Brooklyn's Chophouse & Brew Tavern has been closed for less than two months, and owner David Chaffin has filed bankruptcy, but he's already opening a new business.
"You know how it looks on the surface," says Chaffin, who understands that people naturally will have questions.
"Basically, I was all but getting ready to leave town," he says of searching for a new job.
Then he says he was approached by a group of investors and the landlord for Clear Lakes , the center on 21st Street near Amidon where Jimmy's Egg was most recently.
Chaffin says they want him to open a new restaurant where Jimmy's was.
"I don't have anything to bring to the table but me," Chaffin says he told them.
That was OK.
He's now working to open Shoeless Joe's Old Fashioned Burgers and Phillys , a lunch and dinner restaurant with a full bar that will be open seven days a week.
"Basically it will be a version of what Players was years ago," he says. "You know, going back to the small, simple and fun."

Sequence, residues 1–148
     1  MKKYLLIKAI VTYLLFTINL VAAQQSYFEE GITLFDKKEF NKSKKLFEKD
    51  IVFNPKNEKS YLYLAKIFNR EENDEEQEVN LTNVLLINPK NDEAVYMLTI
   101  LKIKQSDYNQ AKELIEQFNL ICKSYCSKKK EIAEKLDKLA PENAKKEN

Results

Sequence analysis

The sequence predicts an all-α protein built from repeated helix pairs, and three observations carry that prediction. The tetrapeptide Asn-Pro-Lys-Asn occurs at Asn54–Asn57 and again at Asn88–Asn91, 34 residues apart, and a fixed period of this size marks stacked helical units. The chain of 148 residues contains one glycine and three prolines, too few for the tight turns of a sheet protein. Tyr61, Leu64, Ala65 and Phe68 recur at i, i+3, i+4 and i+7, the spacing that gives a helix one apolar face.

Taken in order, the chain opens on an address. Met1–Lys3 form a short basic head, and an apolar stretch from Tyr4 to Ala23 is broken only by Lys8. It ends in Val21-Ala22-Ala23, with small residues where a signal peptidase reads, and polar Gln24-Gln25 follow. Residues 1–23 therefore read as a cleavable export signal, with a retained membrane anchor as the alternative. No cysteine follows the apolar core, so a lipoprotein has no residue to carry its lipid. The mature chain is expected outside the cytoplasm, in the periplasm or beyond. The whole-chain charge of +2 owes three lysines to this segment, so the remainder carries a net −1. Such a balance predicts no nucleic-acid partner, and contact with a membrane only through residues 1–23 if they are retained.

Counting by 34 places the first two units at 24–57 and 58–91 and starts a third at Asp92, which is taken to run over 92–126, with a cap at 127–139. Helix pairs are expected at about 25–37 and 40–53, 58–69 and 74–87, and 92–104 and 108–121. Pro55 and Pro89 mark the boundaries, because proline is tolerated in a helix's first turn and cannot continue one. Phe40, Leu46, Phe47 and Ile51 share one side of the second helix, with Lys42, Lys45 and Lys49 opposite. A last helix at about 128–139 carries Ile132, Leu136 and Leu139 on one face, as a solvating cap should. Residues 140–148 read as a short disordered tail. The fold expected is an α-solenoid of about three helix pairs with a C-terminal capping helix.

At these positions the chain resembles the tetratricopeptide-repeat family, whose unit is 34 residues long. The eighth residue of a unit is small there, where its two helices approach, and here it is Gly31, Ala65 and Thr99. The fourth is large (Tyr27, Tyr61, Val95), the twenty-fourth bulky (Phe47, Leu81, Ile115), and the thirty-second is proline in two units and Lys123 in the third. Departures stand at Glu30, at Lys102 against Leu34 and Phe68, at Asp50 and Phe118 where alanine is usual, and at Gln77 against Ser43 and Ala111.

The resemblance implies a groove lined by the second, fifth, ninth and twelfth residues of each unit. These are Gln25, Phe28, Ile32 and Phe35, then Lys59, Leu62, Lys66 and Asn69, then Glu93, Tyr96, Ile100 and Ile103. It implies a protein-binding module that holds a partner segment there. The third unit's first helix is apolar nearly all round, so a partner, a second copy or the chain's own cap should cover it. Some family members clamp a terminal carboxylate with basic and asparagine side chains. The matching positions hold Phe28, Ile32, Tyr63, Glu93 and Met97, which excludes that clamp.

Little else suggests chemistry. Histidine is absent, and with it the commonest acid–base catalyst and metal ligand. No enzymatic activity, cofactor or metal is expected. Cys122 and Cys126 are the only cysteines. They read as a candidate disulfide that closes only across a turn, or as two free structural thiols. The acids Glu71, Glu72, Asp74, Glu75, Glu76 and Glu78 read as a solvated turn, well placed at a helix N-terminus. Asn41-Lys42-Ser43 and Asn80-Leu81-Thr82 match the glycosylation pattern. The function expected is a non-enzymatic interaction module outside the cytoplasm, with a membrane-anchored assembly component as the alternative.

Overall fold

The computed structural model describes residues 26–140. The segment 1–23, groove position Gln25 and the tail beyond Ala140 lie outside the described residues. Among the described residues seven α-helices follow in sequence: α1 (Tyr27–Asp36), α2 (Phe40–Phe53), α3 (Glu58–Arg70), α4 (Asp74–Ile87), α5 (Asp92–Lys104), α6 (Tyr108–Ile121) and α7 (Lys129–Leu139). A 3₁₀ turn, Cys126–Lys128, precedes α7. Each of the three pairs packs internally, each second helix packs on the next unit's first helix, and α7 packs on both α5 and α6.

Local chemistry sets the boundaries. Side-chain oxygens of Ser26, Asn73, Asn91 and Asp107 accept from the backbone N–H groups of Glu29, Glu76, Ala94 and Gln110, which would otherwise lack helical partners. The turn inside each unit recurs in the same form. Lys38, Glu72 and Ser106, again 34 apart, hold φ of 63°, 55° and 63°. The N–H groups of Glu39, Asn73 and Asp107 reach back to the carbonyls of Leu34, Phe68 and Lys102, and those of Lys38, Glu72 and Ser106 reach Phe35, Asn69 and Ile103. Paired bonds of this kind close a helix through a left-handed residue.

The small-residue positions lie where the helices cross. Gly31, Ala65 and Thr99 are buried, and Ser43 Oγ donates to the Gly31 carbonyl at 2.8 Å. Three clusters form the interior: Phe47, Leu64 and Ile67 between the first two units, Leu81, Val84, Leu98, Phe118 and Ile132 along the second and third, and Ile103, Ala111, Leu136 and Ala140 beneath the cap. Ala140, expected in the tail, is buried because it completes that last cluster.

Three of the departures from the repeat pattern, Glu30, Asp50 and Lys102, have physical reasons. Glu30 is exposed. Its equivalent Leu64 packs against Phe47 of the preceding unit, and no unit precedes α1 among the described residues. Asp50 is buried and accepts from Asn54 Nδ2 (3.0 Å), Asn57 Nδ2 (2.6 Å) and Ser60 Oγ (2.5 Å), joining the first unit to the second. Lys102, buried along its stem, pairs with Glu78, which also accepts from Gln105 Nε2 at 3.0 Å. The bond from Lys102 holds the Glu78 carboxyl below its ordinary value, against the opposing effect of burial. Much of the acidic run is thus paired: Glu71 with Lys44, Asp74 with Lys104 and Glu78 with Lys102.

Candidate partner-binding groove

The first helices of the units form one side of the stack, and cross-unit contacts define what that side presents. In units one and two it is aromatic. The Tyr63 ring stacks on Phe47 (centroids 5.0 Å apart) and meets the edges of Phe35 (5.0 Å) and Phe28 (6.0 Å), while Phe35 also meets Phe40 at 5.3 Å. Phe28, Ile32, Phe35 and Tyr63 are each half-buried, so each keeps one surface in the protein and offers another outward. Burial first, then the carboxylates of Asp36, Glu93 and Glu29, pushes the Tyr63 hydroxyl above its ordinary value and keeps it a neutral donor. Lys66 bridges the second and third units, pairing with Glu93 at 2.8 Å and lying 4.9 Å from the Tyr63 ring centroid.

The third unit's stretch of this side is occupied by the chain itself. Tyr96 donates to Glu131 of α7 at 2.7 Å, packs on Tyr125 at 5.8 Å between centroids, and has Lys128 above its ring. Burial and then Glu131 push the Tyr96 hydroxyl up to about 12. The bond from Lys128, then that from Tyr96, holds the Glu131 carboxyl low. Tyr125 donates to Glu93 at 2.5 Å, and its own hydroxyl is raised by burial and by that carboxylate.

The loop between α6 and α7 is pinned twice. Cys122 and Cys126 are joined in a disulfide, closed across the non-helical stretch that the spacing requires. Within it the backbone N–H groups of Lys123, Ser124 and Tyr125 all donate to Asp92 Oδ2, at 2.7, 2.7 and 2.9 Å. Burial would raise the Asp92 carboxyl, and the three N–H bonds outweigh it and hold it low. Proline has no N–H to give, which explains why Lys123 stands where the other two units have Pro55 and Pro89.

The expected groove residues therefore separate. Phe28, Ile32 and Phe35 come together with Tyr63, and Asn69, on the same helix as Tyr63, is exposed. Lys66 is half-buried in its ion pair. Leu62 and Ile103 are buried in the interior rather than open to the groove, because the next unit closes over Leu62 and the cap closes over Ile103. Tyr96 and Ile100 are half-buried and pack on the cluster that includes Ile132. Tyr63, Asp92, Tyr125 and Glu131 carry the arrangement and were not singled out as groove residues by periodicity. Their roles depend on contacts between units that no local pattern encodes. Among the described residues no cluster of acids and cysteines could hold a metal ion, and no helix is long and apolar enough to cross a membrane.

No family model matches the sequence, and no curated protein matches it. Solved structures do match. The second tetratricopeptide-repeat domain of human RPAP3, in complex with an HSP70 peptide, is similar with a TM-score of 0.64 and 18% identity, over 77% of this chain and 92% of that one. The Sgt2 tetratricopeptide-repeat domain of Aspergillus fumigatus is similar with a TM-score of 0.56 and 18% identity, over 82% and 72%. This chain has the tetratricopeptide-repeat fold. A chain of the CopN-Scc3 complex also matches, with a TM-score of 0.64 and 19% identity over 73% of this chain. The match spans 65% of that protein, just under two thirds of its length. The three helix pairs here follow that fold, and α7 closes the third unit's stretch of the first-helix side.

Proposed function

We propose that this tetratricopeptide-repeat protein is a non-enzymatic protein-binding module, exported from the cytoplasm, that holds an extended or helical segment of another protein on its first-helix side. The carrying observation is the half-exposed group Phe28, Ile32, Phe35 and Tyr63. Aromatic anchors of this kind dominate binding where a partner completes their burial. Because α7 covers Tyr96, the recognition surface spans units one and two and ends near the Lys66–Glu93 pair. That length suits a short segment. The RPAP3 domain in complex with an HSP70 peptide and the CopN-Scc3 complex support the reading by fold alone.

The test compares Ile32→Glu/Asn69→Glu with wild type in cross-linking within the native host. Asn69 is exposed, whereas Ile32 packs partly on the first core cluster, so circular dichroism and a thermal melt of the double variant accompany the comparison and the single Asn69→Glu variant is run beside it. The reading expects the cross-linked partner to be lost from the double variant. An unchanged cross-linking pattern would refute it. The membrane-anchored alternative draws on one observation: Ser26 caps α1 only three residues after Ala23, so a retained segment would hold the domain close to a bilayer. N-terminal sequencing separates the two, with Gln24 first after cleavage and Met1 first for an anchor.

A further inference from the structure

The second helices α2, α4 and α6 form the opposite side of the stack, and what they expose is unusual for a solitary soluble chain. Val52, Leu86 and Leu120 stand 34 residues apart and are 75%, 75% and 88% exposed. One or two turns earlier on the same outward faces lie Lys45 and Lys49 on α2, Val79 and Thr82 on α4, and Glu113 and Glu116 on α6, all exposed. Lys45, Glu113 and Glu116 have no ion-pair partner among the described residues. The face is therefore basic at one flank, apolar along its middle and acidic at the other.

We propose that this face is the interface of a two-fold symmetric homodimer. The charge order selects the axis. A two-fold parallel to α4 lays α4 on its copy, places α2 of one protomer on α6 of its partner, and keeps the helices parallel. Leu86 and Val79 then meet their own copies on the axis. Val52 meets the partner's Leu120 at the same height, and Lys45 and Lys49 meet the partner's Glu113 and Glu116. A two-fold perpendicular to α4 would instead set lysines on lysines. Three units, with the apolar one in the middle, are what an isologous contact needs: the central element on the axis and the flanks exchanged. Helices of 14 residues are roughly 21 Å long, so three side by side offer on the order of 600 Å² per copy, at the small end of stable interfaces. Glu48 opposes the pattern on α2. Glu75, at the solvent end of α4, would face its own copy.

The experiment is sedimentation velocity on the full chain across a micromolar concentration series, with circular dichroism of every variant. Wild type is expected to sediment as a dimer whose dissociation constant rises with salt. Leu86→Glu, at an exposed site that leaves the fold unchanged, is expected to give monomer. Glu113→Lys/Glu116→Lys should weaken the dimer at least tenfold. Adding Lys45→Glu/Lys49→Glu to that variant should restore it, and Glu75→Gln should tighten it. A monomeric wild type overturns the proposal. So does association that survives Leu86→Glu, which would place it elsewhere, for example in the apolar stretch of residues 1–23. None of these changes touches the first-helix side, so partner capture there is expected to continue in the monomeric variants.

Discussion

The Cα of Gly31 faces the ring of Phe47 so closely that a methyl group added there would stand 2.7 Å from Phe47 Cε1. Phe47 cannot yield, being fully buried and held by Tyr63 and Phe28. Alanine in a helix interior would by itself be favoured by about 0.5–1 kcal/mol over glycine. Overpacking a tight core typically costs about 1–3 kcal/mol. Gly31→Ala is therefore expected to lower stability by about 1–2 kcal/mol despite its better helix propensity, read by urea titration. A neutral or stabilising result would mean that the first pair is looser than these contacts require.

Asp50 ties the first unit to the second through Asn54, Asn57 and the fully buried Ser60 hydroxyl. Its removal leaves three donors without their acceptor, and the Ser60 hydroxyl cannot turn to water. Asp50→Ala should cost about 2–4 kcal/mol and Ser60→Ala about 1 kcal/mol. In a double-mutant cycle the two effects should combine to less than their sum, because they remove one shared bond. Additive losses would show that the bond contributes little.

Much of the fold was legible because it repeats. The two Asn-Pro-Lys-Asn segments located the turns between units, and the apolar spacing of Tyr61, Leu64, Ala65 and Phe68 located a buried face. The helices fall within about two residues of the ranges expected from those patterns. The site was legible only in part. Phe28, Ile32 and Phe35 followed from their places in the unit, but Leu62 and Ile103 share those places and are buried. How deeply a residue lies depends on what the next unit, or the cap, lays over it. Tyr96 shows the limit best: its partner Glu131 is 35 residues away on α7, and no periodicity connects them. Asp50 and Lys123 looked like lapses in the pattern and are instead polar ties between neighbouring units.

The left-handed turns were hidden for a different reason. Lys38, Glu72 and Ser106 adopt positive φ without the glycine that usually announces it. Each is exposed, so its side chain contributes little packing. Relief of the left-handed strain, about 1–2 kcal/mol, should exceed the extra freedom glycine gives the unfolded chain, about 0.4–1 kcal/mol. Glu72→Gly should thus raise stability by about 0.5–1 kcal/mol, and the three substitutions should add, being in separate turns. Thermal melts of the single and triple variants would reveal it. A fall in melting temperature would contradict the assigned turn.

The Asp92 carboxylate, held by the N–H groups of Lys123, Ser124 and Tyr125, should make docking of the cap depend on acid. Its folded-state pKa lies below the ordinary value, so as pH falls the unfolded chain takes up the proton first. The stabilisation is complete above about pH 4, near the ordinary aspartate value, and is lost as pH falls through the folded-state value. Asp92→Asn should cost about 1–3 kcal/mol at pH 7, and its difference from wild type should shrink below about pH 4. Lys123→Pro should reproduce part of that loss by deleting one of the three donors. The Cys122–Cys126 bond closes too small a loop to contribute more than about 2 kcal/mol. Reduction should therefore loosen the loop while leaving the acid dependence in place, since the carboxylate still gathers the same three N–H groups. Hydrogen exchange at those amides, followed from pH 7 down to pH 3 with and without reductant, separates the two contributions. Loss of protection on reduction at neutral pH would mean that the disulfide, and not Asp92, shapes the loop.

Players Sports Bar & Grill is the bar Chaffin opened in 1984 near 21st and West streets. He then built a larger building at 6200 W. 21st St. and moved in 1999.
Chaffin changed the concept to Brooklyn's last year after the business suffered in the down economy.
"The problem we had in the other building was it was way too big for this economy."
Chaffin says he's content to be "a glorified employee for a while."
"They're putting up the money, and I work," he says. "One day I will own the place again."
Chaffin says he looks at Shoeless Joe's as going back to his roots in a 4,000 square-foot space.
"It looks like sometime mid-November we'll have that bad boy opened up."
Move is a plus
Aimee McCarter is packing her Trunk and moving from one Delano address to another.
"We're moving actually to the heart of Delano," she says.
Her Junk in the Trunk Clothing , which is a plus-size resale shop for men and women, opened in 800 square feet in December at 805 W. Maple.
"We actually grew out of our store within a month of opening," McCarter says. "We need a plus-size store."
In November, she's moving to 2,000 square feet at 728 W. Douglas, which is where Savage Threads once was.
In addition to clothing sizes extra large and up, Junk in the Trunk also sells jewelry and accessories.
"We've become successful," McCarter says, "so we're moving up."
You don't say
"No Wizard of Oz, no pixie-dust financial engineering ... turns horribly risky investments into Triple A (properties)."
—Texas A&M University real estate economist Mark Dotzour on the state of the commercial credit industry in Wichita and elsewhere